Book Review: The Storyteller by Dave Grohl
Book Review: Gender Queer by Maia Kobabe

Book Review: How to Be Eaten by Maria Adelmann

            “Or, actually, you know what?” says Ruby. “Maybe don’t even be out there, on the street, not if it’s dark, not if you’re alone, not if you’re a kid, not if you’re a woman, not without a rape whistle around your neck, not without pepper spray clutched in your hand, not, anyway, if your’e wearing that outfit.”

                “But, I mean, don’t be a prude either,” says Ashlee.

How to be eatenI love fairy tale retellings.

It doesn’t matter if they’re set in the same historical setting as the original tale or told in a contemporary setting. They can be set in space for all I care—there’s just something that works for me in a retelling. It connects me with the kid I used to be, who checked out the library’s copy of Grimm’s Fairy Tales so often the librarians noticed my affection and commented on it. Who’d sit somewhere comfy and lose herself in magical stories. But retellings also appeal to me because of who I am now, a person who understands more about stories, books, narrative structure, literary history. I love seeing what authors do with the foundational tale.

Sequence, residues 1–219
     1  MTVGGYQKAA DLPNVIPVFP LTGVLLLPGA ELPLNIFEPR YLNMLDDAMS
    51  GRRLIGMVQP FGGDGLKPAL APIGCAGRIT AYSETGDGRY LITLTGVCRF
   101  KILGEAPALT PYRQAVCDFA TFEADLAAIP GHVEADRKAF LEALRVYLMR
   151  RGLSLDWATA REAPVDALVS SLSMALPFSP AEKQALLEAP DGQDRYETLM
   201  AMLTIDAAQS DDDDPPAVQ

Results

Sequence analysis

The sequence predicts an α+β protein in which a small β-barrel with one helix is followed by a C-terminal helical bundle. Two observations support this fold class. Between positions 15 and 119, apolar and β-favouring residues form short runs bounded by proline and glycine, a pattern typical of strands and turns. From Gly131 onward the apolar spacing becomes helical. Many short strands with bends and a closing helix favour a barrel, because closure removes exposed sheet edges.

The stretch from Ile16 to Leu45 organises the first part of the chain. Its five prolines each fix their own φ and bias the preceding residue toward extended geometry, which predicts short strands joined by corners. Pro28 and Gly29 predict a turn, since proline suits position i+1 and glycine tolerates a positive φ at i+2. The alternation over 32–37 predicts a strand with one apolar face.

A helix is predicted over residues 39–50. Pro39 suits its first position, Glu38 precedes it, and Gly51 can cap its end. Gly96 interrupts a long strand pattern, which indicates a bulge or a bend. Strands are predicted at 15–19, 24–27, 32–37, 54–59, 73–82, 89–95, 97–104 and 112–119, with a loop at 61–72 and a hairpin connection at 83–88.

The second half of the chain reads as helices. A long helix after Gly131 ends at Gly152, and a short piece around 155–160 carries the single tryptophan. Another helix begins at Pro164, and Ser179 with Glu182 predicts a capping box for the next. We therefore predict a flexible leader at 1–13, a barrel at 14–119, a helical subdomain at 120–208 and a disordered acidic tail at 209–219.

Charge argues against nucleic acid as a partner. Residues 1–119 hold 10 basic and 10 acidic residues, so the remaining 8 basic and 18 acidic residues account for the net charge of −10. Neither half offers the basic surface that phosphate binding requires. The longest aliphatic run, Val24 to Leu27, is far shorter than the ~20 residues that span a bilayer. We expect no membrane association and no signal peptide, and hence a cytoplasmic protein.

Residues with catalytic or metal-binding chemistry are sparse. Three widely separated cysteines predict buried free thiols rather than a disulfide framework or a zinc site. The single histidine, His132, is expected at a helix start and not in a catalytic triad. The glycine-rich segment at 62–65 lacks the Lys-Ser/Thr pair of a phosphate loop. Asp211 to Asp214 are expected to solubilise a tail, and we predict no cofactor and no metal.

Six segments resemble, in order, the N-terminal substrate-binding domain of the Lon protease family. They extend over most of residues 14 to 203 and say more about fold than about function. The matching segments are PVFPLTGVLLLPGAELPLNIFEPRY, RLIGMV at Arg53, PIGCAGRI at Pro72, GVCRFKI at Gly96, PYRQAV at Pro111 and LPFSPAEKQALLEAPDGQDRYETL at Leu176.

How to Be Eaten by Maria Adelmann tells the story of a support group for women who have experienced a trauma in a public setting. Those kinds of experiences that happen to people and the news gives them attention for a little while, but we never, as a news-consuming public, know the real truth of what happened, and we certainly don’t know about what happens after, when the traumatized people have to figure out how to live their lives. As we dig into their stories we discover that they are fairy-tale-esque: Blue Beard, Little Red Riding Hood, Rumpelstiltskin. Each chapter is told from the perspective of each of the five women, with interludes from the narrator, who is the therapist who organized the support group. (And who has some trauma of his own.)

While I was reading this book, I loved it. I enjoyed the way the women at first hated each other, but grew to understand each other as they heard their stories. I loved the premise of the support group, which is that telling your story in honest ways can help you process and heal. I especially liked Ruby and Raina. And the chorus of dead women, made into garish furniture, in Bernice’s story. They come to some insights together about what it means to be a woman in contemporary society that were just spot on.

But now that I’ve finished it and had some time to think, I’m kind of angry with it.

In the end, it’s a treatise about reality TV. Maybe that simply doesn’t work for me because it is not a genre of TV I enjoy. But it was more than that. The sum of the five women’s stories is less about how those whose traumas are publicized are damaged and more about how everyone is damaged, in some form or another, by contemporary society. Turning the focus away from that truth and toward the ills of reality television strips the story of its power.

I’m still glad I read it. I’m still thinking about it, which is the mark of an influential book. But I can’t say I loved it. I don’t think it fulfilled the potential it created.

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